Facts for Kids on the Parts of a Horse

by Allie Rowbottom
Teaching the parts of the horse to kids is made easier by including memorable facts.

Teaching the parts of the horse to kids is made easier by including memorable facts.

Learning the parts of the horse can be challenging for young riders. Present kids with specific facts about the anatomy of the horse. These memorable facts can help children remember details about the small components that make up this big animal. Further details help them understand the different parts of the horse and how they work together.


The withers are the point between the shoulder blades that serves as a standard from which measurements of height are made. A horse that is 15 hands high, for example, measures 15 hands high from the ground to its withers.


A horse’s legs are composed primarily of bone, tendon and ligament. Muscles are not present in the lower portion of a horse’s leg; only tendons secure the bones. This makes horses particularly susceptible to injury in the lower legs.


A horse’s tail is not only pretty, but useful for swatting flies. The tail also helps to keep a horse’s hindquarters and the space between the legs warm in the winter. Horses have been known to stand close to each other and use the combined power of two tails to combat flies. If a horse is irritated, it will sometimes swish or “ring” its tail to signal its discomfort.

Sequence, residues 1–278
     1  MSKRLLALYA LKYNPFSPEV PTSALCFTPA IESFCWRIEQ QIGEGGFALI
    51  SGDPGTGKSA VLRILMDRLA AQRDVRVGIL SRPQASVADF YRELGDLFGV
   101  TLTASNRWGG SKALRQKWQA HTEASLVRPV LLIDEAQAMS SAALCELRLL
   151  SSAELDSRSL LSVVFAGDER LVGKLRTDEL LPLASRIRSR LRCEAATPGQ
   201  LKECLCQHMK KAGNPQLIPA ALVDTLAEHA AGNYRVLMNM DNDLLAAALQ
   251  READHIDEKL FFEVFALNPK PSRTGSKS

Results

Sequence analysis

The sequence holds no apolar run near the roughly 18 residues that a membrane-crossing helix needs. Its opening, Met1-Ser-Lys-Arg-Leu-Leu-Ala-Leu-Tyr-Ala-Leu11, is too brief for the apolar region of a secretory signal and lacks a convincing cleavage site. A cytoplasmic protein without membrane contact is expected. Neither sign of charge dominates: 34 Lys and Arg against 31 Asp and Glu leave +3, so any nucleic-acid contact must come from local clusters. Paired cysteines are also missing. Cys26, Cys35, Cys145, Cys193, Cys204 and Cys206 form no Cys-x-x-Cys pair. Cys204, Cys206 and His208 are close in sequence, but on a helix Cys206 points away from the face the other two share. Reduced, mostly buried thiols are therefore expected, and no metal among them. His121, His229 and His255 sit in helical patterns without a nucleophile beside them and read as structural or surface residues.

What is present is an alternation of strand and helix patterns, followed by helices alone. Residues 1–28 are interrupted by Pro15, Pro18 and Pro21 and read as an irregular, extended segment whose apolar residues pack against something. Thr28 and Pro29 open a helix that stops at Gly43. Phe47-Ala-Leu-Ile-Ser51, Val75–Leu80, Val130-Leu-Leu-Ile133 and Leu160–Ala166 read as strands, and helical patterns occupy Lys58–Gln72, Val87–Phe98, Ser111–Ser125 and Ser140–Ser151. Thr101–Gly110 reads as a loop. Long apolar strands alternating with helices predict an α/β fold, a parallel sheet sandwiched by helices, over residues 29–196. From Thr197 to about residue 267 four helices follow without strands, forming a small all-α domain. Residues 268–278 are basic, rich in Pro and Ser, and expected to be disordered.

The whiskers that grow around a horse’s muzzle, eyes and throat are all useful for twitching flies away and keeping dirt and dust out of the nose and face.


A horse’s eyes can see almost completely around its body, with the exception of certain blind spots such as directly in front of or behind it, or underneath its head. Because of this nearly 360-degree vision, safely approaching a horse from behind requires letting it know you are there by placing a hand on its body.


Horses have an average of 36 to 44 teeth in their mouths. Each tooth is about 1 to 2 inches long. A horse’s teeth will need to be filed or “floated” once per year, a procedure performed by an equine dentist or vet. Until a horse is middle aged (9 or 10 years old), its age can be determined by examining the teeth.


Horses use their mouths to chew their food and to nip at flies and each other, but cannot breathe through their mouths.


A horse’s ears often signal how it is feeling or what it is paying attention to. If both ears are pointing at something, the animal is looking at the object or person with interest or alarm. If one of its ears is pointing forward and the other is cocked back or to the side, the horse is listening with one ear and looking with the other. If both ears are pinned, it is angry or defensive.

About the Author

Allie Rowbottom began writing in 1999 and has been published in "Crossings Magazine,"and on BorderHopping.net, and the "Black Clock Literary Magazine" blog. She received her Bachelors of Arts degree in creative writing and women's studies from New York University and is in the MFA writing program at California Institute of the Arts.

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